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From a peak of two billion tons of carbon each year in the 1990s, uptake has been cut in half and is for the first time being surpassed by fuel emissions in Latin America, according to an international team of nearly 100 scientists. , led by the University of Leeds (England).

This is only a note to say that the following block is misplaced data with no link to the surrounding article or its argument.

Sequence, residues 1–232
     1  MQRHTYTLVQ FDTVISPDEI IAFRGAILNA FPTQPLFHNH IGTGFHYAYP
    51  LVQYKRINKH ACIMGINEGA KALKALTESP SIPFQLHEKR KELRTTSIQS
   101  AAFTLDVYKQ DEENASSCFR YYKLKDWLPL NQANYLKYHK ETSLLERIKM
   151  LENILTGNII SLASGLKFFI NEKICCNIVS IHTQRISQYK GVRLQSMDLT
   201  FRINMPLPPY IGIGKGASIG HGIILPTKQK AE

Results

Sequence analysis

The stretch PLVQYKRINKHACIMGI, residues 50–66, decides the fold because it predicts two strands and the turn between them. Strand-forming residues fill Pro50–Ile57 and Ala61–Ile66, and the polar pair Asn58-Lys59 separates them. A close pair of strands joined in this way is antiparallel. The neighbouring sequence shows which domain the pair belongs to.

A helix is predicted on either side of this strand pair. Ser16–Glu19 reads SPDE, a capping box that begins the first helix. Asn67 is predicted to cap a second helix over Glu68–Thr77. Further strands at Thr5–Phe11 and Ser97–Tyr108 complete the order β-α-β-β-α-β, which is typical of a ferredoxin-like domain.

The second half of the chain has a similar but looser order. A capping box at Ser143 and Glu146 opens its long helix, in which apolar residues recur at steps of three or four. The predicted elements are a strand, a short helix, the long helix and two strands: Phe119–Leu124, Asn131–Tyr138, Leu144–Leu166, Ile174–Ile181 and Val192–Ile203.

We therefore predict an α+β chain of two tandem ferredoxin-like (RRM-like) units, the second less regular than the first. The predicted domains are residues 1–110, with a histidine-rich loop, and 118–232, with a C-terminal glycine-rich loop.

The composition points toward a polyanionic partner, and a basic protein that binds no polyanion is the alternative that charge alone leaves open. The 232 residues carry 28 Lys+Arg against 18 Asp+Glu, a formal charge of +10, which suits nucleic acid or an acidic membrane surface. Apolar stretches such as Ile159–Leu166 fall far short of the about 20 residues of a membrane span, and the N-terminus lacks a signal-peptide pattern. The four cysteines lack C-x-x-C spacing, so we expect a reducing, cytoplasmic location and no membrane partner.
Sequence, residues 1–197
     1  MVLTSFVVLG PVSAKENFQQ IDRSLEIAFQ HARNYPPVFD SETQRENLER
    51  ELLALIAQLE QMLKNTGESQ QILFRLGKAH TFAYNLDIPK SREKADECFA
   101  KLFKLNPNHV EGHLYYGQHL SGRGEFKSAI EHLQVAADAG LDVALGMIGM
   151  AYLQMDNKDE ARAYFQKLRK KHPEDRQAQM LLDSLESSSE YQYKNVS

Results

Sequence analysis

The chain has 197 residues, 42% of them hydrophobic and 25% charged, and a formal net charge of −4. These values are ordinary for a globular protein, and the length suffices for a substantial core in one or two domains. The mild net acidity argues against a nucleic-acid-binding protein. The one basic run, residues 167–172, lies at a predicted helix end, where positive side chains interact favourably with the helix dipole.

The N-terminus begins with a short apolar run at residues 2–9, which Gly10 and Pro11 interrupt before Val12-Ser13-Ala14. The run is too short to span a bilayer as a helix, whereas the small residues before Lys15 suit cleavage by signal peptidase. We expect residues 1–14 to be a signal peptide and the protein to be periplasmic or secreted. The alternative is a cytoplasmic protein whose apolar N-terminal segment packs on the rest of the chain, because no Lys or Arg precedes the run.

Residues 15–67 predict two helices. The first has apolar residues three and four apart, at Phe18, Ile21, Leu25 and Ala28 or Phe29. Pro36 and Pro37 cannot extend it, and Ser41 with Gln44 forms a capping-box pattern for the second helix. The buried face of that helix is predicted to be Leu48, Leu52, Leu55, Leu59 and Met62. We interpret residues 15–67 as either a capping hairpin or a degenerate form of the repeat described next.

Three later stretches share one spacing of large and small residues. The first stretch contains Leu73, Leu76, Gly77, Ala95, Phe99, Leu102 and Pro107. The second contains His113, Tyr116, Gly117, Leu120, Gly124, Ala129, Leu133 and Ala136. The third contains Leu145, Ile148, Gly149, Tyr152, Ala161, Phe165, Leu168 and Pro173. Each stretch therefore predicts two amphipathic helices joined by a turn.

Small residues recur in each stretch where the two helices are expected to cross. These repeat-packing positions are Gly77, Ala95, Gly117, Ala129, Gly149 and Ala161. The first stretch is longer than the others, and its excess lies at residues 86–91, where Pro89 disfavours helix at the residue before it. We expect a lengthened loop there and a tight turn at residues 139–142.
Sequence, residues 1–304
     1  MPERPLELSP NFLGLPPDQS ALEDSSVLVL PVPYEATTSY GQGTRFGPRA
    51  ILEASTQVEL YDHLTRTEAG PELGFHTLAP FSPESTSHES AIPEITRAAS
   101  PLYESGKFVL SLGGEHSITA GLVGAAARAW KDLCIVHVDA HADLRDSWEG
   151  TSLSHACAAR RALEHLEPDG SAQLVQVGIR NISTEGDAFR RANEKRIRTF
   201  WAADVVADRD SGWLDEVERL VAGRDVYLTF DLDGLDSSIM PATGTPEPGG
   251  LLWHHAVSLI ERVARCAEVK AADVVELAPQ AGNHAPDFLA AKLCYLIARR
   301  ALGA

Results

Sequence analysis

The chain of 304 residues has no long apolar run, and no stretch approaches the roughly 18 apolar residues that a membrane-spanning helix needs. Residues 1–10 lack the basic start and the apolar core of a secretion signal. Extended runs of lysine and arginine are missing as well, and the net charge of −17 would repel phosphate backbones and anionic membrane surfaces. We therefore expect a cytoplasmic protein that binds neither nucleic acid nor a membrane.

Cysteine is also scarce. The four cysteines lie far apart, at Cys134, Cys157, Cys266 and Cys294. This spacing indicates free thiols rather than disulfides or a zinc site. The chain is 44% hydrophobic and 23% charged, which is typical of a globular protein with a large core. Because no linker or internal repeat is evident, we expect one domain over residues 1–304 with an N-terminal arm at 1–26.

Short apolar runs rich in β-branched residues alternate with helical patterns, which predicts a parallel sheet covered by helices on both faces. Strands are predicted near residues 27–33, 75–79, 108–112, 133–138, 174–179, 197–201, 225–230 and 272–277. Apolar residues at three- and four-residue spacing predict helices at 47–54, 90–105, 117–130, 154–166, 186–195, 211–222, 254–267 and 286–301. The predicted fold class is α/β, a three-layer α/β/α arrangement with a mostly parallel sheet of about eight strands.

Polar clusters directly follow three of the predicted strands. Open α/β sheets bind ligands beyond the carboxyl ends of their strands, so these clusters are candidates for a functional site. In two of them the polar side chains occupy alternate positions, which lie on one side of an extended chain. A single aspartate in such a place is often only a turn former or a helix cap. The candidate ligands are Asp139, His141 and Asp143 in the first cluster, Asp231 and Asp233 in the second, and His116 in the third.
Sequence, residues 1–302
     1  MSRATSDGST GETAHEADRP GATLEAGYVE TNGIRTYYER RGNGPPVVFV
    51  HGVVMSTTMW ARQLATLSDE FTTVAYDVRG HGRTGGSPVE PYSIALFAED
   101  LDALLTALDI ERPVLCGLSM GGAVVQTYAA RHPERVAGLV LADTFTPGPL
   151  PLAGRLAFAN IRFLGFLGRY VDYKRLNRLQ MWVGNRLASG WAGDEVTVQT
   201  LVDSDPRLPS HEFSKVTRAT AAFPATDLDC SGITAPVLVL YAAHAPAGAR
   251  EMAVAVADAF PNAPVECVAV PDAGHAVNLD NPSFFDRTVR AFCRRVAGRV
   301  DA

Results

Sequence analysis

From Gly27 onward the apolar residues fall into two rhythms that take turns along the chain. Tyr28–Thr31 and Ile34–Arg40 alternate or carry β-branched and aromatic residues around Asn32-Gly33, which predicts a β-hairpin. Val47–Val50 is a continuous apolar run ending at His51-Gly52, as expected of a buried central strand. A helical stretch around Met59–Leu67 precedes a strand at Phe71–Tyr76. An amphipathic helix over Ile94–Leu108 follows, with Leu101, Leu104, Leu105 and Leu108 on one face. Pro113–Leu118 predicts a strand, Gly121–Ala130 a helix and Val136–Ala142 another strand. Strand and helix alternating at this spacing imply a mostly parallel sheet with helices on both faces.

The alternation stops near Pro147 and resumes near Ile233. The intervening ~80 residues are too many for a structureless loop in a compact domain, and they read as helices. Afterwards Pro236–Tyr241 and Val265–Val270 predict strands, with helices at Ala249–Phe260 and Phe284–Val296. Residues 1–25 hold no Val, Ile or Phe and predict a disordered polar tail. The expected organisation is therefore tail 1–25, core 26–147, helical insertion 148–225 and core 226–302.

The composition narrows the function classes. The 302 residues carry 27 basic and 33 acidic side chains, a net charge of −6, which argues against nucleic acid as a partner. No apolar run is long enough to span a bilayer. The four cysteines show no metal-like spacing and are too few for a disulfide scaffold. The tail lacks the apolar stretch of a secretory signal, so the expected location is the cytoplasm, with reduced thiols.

In recent decades the Amazon forest acted as a major carbon sink, helping to slow the pace of climate change. However, "the mortality rate of trees has increased by more than a third since the mid-1980s, and this affected the ability to store carbon," the report reads.